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Weekend reading: Weather or not

Weekend reading

A short hallelujah to the weather, followed by some choice reading from around the web.

Incredibly, it’s sunny in London. What a difference it makes after all the snow, slush, and arctic blasts of what seemed a six-month winter.

Like health, you can’t really buy the weather. Yes, you can buy an aspirin, and yes you can emigrate to Australia. But you can’t dial up the sun on demand like a Domino’s pizza.

One quick way of re-appreciating your good fortune, weather-wise, is to visit a loved one in hospital. A person who can’t leave, ‘ideally’ (as in ideally for this experiment to work, not for your unfortunate acquaintance).

I’ve noticed long-term hospital residents often stare out of the windows when it’s sunny. Or at other times they turn their back on it, and seem unable to bear what they can’t enjoy. The more fortunate are wheeled to sit in some sunny spot besides the bins and the smokers on crutches, to feel the warmth on their skin. It’s a foreign holiday for them.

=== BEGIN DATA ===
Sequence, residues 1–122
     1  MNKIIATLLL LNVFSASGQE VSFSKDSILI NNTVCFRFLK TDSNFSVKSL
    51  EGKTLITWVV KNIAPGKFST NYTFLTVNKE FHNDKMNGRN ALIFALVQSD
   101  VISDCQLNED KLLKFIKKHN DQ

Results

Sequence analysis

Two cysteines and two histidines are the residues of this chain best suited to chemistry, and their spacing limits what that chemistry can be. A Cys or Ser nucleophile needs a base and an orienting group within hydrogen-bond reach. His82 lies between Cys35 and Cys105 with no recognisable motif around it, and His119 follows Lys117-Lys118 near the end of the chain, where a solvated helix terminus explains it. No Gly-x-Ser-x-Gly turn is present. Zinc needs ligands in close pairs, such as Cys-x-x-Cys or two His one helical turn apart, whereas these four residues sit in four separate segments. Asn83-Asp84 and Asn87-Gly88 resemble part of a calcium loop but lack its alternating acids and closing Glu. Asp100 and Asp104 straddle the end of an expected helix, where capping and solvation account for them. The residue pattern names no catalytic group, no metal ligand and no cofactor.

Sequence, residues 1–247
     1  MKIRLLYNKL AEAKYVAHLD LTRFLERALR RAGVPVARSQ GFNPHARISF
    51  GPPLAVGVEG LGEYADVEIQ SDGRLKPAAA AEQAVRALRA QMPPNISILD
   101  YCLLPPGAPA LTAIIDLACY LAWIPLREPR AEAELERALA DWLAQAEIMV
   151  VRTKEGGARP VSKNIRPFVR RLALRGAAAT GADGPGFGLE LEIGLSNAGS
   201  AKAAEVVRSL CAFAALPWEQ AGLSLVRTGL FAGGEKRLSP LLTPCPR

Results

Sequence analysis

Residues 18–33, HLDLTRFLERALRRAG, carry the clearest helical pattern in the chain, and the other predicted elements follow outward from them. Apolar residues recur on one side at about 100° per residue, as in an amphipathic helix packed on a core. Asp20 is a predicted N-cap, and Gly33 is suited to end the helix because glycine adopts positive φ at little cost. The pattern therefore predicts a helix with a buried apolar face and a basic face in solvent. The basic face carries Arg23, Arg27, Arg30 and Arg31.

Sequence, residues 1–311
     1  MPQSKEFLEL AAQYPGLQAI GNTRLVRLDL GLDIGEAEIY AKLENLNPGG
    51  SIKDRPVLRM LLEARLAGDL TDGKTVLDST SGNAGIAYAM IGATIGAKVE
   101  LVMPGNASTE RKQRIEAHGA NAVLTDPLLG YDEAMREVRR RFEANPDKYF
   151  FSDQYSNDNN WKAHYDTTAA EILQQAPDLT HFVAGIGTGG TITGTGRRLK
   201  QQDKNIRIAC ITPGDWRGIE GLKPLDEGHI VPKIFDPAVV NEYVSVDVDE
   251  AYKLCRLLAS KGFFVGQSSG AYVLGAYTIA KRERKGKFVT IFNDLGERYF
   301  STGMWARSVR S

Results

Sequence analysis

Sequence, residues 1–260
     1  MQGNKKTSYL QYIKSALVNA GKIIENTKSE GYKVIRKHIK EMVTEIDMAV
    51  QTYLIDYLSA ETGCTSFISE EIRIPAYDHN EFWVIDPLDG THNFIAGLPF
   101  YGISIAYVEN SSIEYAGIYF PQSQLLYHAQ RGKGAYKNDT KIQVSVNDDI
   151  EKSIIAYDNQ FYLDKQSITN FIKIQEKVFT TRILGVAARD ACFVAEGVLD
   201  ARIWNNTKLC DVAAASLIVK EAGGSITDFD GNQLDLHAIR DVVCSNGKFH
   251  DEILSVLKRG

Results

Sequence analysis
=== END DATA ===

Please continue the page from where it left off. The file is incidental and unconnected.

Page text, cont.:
The incurable and the dying seem to inhabit windowless, weather-less rooms – I’ve seen this more than once in NHS hospitals. Perhaps there are logistical reasons. Perhaps it’s cruel. Or perhaps it’s some long ago learned wisdom about how best to let go.

This is a blog about money. But the best things in life really are free, if only in the sense that they can’t be bought with money.

From the money and investing blogs

Mainstream money media

  • A flat £140 a week UK state pension from the UK state – DWP
  • 70 or bust: Pension revamp not radical enough – The Economist
  • RBS is readying a UK small cap index tracker – The Motley Fool
  • Why investors shouldn’t care about the economy – Business Insider
  • Twitter predicts the performance of stocks – Venturebeat & BBC
  • German judge rules rich lists are in the public interest – WSJ
  • I’m turning my back on boring Buffett- Merryn/FT
  • The many delusions of risks and returns – FT
  • Savers urged to snap up new ISAs – FT
  • Hidden stars can shine just as brightly – FT
  • Gold reaches an all-time high of $1,457 per  ounce – Telegraph
  • What’s the cost of beating the NHS waiting list? – Telegraph
  • Drop in mortgage lending since last year – Telegraph
  • Take years off your mortgage – The Guardian

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{ 10 comments… add one }
  • 1 Moneycone April 9, 2011, 12:34 pm